Oncology investigator Xiaoyang Qi says that he's wrapped another animal study that demonstrates the potential of a combination of cellular components into a treatment that's able to vanquish cancer cells.
In this latest study Qi and his team at the University of Cincinnati used SapC-DOPS--a lysosomal protein, saposin C (SapC), and a phospholipid named dioleoylphosphatidylserine (DOPS)--to target the cell membranes in lung cancer tumors in animal models as well as cell cultures in the lab.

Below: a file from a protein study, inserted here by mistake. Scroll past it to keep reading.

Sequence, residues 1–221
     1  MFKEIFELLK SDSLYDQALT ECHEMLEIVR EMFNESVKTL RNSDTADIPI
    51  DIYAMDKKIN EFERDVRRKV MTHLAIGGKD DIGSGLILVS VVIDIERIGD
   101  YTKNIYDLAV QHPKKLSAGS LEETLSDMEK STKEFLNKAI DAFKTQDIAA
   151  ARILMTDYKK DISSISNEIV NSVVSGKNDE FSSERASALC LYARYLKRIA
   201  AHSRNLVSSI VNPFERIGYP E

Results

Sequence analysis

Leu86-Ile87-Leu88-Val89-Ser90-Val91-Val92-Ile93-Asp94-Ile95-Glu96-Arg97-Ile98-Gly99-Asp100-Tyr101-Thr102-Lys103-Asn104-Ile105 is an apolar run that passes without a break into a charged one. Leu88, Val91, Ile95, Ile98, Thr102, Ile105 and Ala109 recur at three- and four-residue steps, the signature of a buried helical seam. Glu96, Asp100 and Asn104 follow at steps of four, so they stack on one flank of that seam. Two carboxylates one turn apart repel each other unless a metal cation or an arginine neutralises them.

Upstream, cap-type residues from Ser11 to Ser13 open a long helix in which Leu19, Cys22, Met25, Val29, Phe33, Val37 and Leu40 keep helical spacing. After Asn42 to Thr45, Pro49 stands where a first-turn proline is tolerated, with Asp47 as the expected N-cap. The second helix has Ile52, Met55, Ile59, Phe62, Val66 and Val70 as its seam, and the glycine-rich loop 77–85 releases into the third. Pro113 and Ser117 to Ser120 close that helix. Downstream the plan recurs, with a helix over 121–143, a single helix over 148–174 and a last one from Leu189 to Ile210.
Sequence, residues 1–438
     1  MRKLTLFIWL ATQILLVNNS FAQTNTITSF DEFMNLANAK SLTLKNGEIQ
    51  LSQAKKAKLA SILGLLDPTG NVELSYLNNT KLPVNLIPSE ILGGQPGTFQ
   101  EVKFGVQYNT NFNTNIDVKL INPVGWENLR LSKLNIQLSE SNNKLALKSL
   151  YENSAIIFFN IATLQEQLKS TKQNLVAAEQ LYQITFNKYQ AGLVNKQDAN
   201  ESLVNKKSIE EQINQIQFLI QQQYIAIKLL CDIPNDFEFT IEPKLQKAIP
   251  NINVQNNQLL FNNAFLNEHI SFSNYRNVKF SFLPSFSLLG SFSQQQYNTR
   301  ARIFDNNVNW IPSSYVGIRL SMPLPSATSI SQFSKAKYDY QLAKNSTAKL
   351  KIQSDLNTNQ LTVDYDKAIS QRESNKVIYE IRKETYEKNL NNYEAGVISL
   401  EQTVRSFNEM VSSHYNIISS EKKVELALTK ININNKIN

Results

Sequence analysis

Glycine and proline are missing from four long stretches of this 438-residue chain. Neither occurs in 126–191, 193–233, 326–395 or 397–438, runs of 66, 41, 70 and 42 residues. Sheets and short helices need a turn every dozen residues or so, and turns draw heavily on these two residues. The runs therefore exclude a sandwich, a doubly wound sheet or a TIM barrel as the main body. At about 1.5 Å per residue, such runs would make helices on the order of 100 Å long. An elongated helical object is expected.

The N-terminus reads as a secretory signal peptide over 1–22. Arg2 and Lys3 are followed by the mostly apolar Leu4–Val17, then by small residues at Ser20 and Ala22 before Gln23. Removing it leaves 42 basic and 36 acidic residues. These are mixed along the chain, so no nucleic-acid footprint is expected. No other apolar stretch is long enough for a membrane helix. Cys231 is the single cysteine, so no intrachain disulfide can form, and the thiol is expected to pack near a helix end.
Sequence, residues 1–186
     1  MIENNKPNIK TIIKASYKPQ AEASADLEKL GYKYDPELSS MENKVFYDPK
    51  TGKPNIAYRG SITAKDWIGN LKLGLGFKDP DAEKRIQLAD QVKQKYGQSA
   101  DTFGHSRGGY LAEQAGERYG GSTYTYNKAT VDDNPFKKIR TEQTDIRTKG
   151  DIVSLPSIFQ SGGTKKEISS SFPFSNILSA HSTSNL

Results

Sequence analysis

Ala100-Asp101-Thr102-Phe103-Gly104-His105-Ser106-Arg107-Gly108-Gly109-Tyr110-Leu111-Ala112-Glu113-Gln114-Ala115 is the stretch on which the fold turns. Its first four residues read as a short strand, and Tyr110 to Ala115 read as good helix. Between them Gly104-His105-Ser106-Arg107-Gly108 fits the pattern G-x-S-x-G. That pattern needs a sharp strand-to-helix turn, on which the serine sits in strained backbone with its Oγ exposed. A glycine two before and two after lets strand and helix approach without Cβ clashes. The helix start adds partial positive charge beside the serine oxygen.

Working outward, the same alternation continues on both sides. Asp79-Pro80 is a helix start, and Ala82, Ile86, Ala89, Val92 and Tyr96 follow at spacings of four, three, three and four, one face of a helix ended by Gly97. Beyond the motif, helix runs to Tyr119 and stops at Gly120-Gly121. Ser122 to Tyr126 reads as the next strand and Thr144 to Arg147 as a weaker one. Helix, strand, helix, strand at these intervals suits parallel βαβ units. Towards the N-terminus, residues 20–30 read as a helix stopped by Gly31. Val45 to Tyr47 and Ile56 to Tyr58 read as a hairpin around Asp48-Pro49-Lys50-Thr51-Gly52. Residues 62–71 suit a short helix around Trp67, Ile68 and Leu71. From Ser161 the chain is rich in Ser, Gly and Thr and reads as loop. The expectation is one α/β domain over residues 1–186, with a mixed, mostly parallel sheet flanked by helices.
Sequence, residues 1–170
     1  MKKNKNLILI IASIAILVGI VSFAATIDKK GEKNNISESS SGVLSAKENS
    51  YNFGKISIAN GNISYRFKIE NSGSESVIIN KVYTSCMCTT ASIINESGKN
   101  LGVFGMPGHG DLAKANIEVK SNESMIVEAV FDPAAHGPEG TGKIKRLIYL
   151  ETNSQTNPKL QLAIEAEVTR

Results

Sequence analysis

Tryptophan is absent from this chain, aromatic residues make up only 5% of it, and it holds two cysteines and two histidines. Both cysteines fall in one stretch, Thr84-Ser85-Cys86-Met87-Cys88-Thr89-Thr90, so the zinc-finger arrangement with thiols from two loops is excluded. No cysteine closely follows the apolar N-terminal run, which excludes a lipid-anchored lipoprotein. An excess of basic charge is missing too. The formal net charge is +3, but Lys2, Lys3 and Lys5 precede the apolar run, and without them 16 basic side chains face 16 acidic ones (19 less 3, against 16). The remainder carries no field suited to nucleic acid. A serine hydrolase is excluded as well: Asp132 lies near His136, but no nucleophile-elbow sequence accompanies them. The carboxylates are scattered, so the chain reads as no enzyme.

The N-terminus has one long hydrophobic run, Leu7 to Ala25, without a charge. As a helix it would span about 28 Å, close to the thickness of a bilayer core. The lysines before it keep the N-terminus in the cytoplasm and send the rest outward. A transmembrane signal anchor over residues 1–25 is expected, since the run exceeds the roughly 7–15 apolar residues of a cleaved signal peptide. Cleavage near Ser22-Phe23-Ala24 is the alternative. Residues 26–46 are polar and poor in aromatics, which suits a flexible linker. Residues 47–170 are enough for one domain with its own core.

Using research funds from the National Cancer Institute, Qi has been busily building preclinical evidence that this kind of treatment has potential uses against brain, skin, prostate, blood, breast and pancreatic cancer, while leaving normal cells and tissues unmolested.
One of the keys to its success, he explains, is SapC-DOPS ability to bind to phosphatidylseriine, a lipid found on the membrane surfaces of all tumor cells.
"Using a double-tracking method in live models, we showed that the nanovesicles were specifically targeted to the tumors," says Qi in a statement. "These data suggest that the acidic phospholipid PS is a biomarker for lung cancer, as it has been found to be for pancreatic and brain tumors in previous studies, and can be effectively targeted for therapy using cancer-selective SapC-DOPS nanovesicles."
- here's the release